The latest US snooping controversy has highlighted more than just online privacy issues. It has shown up a massive and extensively-backed security industry. So what is your data worth to governments and the likes of Facebook and Google? And how safe is your privacy?
PRISM is a top-secret electronic surveillance programme run by America's National Security Agency - at least it was top-secret until a former NSA worker blew the lid off it.
Nations spend billions spying on their own citizens and people overseas - whether that is hacking, intercepting phone calls or just requests from governments to private companies.
In the US, the Central Intelligence Agency (CIA) and other non-military spy agencies will get $48bn next year. The UK is spending around $3.6bn on its spy agencies. And China's spending on "internal security" was $111bn last year.
Security services, and the private contractors they use, are trawling for data which would, in theory, make us safer. But the idea that the likes of Google, Facebook, Microsoft and Apple gave backdoor access to the NSA to snoop on users' data, has concerned many people.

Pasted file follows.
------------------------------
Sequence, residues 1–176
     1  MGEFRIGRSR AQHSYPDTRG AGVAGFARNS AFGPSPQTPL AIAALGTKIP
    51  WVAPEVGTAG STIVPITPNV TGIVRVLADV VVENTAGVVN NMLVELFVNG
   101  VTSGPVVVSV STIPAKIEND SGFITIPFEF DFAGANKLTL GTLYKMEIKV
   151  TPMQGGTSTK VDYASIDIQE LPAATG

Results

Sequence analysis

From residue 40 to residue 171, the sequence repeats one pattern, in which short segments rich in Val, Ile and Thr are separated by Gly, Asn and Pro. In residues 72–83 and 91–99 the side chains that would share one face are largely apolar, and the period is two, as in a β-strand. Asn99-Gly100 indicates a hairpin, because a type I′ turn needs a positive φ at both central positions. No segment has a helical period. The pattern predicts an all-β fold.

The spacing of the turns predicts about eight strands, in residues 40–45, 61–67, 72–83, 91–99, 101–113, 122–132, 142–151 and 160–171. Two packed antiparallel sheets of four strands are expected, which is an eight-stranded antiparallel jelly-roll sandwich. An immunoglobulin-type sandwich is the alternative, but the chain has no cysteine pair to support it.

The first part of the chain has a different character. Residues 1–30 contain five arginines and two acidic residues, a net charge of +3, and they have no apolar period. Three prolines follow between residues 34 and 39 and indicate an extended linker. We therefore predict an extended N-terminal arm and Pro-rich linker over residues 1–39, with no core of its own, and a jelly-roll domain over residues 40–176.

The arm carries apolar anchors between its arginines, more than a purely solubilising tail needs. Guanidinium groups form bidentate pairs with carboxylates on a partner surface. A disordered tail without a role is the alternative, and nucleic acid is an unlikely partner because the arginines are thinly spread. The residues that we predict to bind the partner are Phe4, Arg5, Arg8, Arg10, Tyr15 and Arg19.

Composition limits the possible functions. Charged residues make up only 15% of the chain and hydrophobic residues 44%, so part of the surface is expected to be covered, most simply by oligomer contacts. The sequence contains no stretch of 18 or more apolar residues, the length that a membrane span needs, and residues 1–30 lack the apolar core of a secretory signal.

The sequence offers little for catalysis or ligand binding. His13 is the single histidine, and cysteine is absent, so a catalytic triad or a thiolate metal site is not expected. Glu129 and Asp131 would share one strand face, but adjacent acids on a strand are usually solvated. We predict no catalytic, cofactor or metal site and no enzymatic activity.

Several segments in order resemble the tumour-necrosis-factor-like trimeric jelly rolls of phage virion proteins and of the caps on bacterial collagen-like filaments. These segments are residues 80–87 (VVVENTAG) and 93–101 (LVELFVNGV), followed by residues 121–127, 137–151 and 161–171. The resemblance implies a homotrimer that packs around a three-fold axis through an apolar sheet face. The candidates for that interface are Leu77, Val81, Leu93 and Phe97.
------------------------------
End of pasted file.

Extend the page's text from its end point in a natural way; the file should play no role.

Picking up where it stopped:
They all deny it, but still, it begs the question of what your data is really worth - given that most people simply hand over their photos, personal information, and documents to such websites without giving it a second thought.
The data industry in the US alone is worth $300bn a year and it employs some three million people. That is coupled with the online sales industry, which generates $10tn per year.
All of this is managed by the more than 2,000 so-called 'data broker companies'. Acxiom Corp is the biggest - with a profit of $77mn in 2011, coming from the largest commercial consumer database with 500 million active users worldwide.
We are joined by Alex Fowler, Mozilla's chief privacy officer, to talk about online privacy, the latest US snooping controversy, and data companies tracking our every move online
Also this week on Counting the Cost : Iran's presidential election has come and gone, but what about the challenges?
Unemployment, soaring inflation, falling oil output - the new president has got some tough work ahead. Soraya Lennie reports from Tehran about the human stories to Iran's economic woes.
And, fracking in the US - it means a cut in oil imports, but what are the consequences for America's relationship with OPEC, and the other oil producing nations?
Maria van der Hoeven, the executive director at the International Energy Agency, is joining Counting the Cost to look at geopolitics and the oil issue. Shale oil, shale production, is it a revolution? Has it got the potential to change the whole oil playing field?
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Source: Al Jazeera